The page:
George W. Bush: Impact and Legacy
The legacy of George W. Bush remains, much like his 2000 election, a subject of profound controversy, and any truly objective evaluation will likely be years in the future. He entered office as one of only a handful Presidents to lose the nation’s popular vote. The election of 2000 and the Supreme Court case of Bush v. Gore remain two of the most controversial political developments in the last half-century. Some thought that President Bush should begin his term by trying to find common ground and avoid controversy to take some of the edge off the nation’s polarized politics coming out of the 2000 election. Instead, as one of his first actions, President Bush issued an executive order creating the Office of Faith-Based and Community Initiatives, which further alienated some who thought government money should not go to organizations affiliated with churches. Yet he did reach across the aisle on other issues including the No Child Left Behind Act, which was the most impactful change in education policy in a generation.
Within nine months of taking office, President Bush was afforded the chance to unite the nation after the terrorist attacks of September 11, 2001. By most accounts, Bush did a masterful job of speaking for and to the American people. His crisis leadership, including insisting on returning to the White House the night of the attacks instead of holing up in a safe bunker elsewhere, gave the American people confidence that someone was in charge. He became the most popular President in the history of polling, reaching an astounding 90 percent approval rating in the wake of the attacks.
Following an authorization from Congress to eliminate those who perpetrated the attacks of 9/11, Bush ordered an invasion of Afghanistan. The Taliban leadership was driven into the mountains and across the boarders into neighboring countries, including Pakistan. Those early successes, however, turned into the longest war in American history, and the President never was able to achieve the greatest symbolic goal of the effort, the killing or capturing of the mastermind of the attacks, Osama bin Laden; U.S. special forces achieved that goal in 2011 under Bush’s successor, President Barack Obama.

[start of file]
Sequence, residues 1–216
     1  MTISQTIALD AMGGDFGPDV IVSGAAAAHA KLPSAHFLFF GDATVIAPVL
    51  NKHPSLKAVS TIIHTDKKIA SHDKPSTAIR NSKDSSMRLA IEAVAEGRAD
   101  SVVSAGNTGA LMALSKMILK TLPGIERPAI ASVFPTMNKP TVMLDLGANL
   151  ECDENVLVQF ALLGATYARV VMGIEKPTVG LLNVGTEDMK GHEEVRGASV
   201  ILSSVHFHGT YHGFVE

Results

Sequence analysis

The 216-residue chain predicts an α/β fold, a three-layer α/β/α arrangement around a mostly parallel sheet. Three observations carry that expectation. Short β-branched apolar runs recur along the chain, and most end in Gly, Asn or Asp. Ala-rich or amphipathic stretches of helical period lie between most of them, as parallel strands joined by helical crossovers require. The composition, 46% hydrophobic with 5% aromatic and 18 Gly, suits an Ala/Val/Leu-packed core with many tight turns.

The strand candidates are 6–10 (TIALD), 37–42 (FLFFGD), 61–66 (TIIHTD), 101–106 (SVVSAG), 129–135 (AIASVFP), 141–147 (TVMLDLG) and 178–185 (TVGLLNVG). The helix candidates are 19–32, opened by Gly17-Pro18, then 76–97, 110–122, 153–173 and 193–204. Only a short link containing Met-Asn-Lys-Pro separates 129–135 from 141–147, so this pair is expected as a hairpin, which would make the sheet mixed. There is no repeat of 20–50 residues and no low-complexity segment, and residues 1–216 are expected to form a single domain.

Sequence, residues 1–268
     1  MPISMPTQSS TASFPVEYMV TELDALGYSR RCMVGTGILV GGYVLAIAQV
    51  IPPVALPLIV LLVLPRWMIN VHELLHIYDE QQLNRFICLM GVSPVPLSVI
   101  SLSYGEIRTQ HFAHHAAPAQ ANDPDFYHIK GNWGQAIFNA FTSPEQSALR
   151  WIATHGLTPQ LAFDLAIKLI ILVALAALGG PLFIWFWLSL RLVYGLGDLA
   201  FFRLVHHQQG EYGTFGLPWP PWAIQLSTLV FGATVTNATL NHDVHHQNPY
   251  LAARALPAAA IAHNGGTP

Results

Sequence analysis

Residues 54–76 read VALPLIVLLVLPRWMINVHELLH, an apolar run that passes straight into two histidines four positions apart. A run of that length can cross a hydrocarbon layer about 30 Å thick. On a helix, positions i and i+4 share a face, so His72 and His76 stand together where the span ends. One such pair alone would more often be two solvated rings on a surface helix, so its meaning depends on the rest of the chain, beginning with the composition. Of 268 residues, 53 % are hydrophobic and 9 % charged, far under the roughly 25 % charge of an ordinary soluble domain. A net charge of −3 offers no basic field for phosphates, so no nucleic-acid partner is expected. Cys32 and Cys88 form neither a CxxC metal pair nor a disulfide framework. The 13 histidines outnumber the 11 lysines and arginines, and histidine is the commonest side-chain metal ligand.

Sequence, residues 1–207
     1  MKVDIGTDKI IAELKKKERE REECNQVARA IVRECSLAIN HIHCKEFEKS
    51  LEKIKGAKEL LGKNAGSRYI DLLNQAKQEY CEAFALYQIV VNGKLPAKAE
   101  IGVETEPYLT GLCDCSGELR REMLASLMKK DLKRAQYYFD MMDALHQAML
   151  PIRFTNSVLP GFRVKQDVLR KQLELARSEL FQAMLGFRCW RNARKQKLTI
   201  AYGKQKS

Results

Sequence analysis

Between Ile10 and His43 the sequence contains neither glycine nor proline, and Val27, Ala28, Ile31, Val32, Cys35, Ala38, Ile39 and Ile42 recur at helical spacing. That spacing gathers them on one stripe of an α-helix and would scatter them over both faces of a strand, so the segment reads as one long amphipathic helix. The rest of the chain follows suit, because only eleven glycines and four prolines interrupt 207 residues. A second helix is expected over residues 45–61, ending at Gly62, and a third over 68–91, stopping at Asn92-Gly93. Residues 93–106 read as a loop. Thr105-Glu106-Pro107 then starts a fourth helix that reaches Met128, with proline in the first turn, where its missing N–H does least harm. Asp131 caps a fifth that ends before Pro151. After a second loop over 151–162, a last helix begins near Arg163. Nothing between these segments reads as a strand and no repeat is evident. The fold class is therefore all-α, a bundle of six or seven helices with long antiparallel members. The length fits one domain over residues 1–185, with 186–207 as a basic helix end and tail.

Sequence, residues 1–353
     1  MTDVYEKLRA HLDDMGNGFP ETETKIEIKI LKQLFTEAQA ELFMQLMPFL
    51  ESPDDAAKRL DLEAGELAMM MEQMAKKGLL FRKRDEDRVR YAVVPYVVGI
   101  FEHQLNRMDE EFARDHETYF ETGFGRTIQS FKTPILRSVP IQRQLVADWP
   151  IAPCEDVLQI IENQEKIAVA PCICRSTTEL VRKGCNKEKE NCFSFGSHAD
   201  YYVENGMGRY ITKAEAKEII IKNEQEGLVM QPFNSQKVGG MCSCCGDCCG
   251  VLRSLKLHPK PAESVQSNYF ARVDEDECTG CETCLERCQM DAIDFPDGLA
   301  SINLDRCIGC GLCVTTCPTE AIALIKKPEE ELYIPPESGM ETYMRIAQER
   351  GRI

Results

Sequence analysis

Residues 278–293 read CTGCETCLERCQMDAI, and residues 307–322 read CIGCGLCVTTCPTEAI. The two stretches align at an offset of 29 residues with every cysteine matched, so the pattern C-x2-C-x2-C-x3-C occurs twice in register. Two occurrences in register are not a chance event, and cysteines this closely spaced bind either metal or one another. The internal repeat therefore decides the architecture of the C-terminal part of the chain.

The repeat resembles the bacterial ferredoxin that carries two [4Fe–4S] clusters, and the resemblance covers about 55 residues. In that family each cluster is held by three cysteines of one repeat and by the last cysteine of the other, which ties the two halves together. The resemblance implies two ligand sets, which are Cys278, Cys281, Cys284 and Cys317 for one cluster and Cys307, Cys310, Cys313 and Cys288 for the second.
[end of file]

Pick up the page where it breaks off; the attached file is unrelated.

Following the 9/11 attacks, President Bush also presided over a restructuring of the American national security apparatus and the passage of the Patriot Act, which gave the government vast new powers in the effort to combat future acts of terror. Both efforts, especially the Patriot Act, sparked strong divisions within the American people throughout the Bush presidency. In 2002 and into 2003, Bush used the fear of further terrorist attacks to argue for a preemptive war on Saddam Hussein’s Iraq under the rationale that Iraq had weapons of mass destruction. The initial attacks and invasion were extremely successful and popular but in the end no weapons of mass destruction were found anywhere in the country and a strong insurgency arose that resulted in the deaths of more than 4,000 Americans over the next eight years. The war grew increasingly unpopular, and the Democrats used it as a major wedge issue in the 2006 and 2008 elections, in which they first took over Congress and then the White House two years later.
On the domestic front, the Bush presidency scored early successes in gaining passage of large tax reductions and a major reform of the American educational system with the No Child Left Behind Act. The tax cuts, however, were not made permanent, as the President wished, and the bipartisan education reforms proved very controversial with their emphasis on testing and school report cards. The tax cuts were eventually made permanent during budget negotiations in the Obama administration but No Child Left Behind was eventually replaced with a new national education plan in 2015.
After his reelection in 2004, Bush sought major changes to Social Security, arguing a partial privatization plan could insure its solvency. He spent considerable political capital seeking such a change, but his efforts went nowhere in Congress. He also sought major immigration reforms that never materialized. As the tax cuts of 2001 reduced revenue to the government, while spending continued to increase partly due to the expensive wars in Iraq and Afghanistan, the federal government racked up large deficits. Ultimately, those deficits, exacerbated by the financial recession of 2008, helped create a politically impactful insurgency on the political right that went under the banner of the “Tea Party.” The last few months of the Bush presidency were marked by a major crash of the stock market, a controversial bail out of financial institutions and car companies, and a recession that would wipe out millions of jobs and impact the U.S. economy for many years.
The Bush presidency transformed American politics, its economy, and its place in the world, but not in ways that could have been predicted when the governor of Texas declared his candidacy for America’s highest office. As President, Bush became a lightning rod for controversy. His controversial election and policies, especially the war in Iraq, deeply divided the American people. Arguably his greatest moment as President was his initial, heartfelt response to the tragedy of the 9/11 attacks. Soon, however, his administration was overshadowed by the wars in Afghanistan and Iraq. President Bush’s place in U.S. history will be debated and reconsidered for many years to come.